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Pregnancy and Exercise

Fact sheet: Pregnancy and exercise

There is no doubt about it-pregnancy is physically demanding! Regular exercise is an essential way of helping your body cope with the increased demands on your joints, muscles, heart, circulation and lungs.

Benefits of exercise in pregnancy

·      Regular exercise can help reduce back pain, improve or maintain tone, reduce leg cramps, swelling and constipation and improve sleep patterns. Women who exercise regularly often feel better about themselves and their changing body during pregnancy.

·      Women who exercise are less likely to experience fatigue due to improved sleep, reduced anxiety, reduced pain perception, reduced neuromuscular tension (has a tranquillizer effect and improved fitness.

Do’s and don’ts of pregnancy exercise

Every pregnant woman must take special precautions and considerations with exercise during pregnancy. Some essential guidelines are listed below to help you with a safe exercise program during your pregnancy.

·      Do consult your doctor, specialist or midwife

When starting a new exercise program, or continuing with your current exercise program in pregnancy, it is important to consult with your doctor, obstetrician, or medical specialist and/or midwife. If you have any specific problems or discomforts, you should make sure you discuss these to determine if you need to take any special precautions. The type and amount of exercise that you normally do and have done recently will influence the advice that your doctor or midwife provides when giving you advice regarding exercise during pregnancy.

·      Do not overheat

Avoid exercise on extremely hot days. Position yourself near the air conditioner or fan for aerobics classes. Do not use the solarium, spa, steam room or overheated pools. Keep fluid intake up before, during and after exercise. Drink small amounts of fluid frequently. Avoid exercise in the heat of the day.

·      Watch your heart rate

Keep your heart rate under 150 bpm. Exercise at your own comfort level.

·      Wear a bra

Always wear a good supportive bra while exercising. Check your bathing costume for support also if you are doing water aerobics. You may wish to wear a bra under your costume.

·      Do not exercise for long on your back

Do not spend a long time exercising while lying on your back. Choose exercises/stretches that are done while seated or upright. It is not recommended that you exercise lying on your back from 16-18 weeks of pregnancy or after the first trimester. There are some exercises that can be modified and performed on your side as an alternative.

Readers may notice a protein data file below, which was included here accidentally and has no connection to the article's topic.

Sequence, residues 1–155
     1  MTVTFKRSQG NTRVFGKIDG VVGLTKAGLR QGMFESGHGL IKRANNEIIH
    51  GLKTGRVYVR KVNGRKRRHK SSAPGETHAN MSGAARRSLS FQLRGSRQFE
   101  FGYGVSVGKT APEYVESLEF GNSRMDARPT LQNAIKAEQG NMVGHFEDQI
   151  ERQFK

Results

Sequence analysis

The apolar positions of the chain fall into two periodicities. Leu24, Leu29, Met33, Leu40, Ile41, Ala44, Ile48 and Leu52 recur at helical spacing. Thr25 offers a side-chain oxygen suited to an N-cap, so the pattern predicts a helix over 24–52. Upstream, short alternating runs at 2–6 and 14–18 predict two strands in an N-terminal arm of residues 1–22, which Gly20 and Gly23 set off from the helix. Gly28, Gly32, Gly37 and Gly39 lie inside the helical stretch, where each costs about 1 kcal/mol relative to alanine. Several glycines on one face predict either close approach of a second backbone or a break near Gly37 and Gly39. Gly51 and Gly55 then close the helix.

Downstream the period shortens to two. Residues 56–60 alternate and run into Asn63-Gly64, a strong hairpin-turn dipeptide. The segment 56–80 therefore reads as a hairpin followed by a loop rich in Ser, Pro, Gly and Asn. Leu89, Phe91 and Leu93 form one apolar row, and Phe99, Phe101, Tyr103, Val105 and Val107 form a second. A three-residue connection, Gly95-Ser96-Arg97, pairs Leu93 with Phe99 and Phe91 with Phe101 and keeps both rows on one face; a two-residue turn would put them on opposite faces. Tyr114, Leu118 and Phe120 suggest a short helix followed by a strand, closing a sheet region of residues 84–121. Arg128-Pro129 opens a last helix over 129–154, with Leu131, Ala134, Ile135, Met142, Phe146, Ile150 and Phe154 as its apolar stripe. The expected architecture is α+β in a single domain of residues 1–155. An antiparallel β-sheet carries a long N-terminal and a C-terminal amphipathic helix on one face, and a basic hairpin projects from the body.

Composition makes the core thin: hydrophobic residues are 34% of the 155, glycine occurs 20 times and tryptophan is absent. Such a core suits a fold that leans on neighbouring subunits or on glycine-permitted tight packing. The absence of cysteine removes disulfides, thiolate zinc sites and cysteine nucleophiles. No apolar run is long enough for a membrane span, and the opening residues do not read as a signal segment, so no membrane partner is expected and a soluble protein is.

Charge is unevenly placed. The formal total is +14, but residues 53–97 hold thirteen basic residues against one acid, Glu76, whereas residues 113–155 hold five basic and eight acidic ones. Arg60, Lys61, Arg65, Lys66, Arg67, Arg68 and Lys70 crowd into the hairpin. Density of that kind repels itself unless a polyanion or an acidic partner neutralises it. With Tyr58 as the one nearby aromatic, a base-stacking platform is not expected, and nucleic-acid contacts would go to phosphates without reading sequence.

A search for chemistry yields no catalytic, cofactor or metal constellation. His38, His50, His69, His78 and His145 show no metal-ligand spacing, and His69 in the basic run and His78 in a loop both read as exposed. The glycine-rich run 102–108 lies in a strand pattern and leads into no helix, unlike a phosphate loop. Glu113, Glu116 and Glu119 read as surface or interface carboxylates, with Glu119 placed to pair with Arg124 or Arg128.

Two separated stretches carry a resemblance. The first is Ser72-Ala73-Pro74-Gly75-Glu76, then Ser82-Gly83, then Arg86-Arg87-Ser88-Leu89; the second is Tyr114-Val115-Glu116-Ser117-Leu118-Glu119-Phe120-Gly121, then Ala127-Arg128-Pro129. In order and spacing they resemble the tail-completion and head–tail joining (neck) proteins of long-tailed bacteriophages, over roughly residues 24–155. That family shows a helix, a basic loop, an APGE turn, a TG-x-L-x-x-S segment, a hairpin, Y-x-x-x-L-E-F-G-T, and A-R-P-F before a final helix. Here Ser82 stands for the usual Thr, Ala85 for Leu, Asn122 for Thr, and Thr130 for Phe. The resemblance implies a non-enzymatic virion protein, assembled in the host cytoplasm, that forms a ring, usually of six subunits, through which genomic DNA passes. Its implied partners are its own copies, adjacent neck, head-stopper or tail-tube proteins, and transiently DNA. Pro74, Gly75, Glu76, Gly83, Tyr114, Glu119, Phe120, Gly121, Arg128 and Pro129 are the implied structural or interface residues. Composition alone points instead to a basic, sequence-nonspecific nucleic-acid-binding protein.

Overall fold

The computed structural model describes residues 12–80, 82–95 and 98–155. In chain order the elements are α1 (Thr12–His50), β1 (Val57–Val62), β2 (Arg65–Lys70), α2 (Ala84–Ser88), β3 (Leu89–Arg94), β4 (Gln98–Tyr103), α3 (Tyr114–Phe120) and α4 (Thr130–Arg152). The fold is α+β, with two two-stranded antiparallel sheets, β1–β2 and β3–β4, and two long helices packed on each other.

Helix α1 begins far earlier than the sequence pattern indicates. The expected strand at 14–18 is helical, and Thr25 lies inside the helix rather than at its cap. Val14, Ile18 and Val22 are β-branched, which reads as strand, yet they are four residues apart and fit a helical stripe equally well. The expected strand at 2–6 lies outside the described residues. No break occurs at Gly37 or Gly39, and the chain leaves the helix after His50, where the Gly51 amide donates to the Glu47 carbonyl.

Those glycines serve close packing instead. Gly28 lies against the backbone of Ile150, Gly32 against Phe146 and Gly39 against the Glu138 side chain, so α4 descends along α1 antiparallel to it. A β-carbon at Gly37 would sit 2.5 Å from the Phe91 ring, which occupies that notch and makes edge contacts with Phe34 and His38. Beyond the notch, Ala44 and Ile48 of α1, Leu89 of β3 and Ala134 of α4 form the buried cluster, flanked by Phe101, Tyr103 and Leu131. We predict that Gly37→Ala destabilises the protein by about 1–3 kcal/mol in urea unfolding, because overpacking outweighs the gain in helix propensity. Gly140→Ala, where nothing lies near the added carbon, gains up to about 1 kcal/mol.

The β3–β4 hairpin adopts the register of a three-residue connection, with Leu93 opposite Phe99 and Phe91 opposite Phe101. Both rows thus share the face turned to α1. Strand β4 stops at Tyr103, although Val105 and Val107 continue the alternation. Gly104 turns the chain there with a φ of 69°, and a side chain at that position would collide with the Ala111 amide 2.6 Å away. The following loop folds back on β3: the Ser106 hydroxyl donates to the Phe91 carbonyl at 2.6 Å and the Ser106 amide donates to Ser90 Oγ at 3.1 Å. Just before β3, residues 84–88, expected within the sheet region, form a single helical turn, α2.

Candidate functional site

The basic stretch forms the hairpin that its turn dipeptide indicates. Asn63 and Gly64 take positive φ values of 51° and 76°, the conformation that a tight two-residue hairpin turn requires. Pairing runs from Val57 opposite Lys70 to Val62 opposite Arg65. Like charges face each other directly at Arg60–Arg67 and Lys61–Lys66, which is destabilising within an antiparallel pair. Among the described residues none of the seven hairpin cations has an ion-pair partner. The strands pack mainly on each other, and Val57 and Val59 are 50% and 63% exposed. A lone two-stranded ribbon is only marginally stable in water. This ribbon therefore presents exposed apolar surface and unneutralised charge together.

·      Be aware of the effects of relaxing

This hormone softens your joints, which may increase the risk of injury during pregnancy. Take care when stretching and avoid contact sports after the first trimester, or on advice of your medical practitioner. Always brace your abdominal muscles when lifting and maintain good posture.

·      Eat carbohydrates before exercise

Blood sugar levels can fluctuate rapidly during pregnancy. Always eat food containing carbohydrates 1-2 hours before exercising. Carry juice with you to drink if you feel faint or dizzy. If this occurs, slow down or stop exercising.

·      Do pelvic floor exercises

Pelvic floor muscle exercises are essential. You must exercise your pelvic floor muscles before, during and after pregnancy.

·      Do bracing exercises

Stomach curls and crunches should cease as soon as you are pregnant and pregnancy abdominal bracing exercises should be done on a regular basis.

·      Monitor your rectus diastasis

This is the ‘gap’ that occurs between your abdominal muscles during pregnancy. You can decrease the width of this gap by using correct posture and ceasing abdominal curls and crunches. It is wise to keep a regular check on the width of this gap. If you are unsure of how to do this, your midwife or physiotherapist can check this gap for you.

·      Watch your posture

Always maintain correct posture during exercise. Brace your abdominal muscles and be aware of your back at all times. To maintain good posture when standing, lift yourself up tall, stand with your abdominal muscles braced, your shoulders back and gently nod your chin in. Try to maintain this position regularly during the day.

Ideal exercises during pregnancy

·      Walking

·      Low impact aerobics

·      Water aerobics

·      Pregnancy exercise classes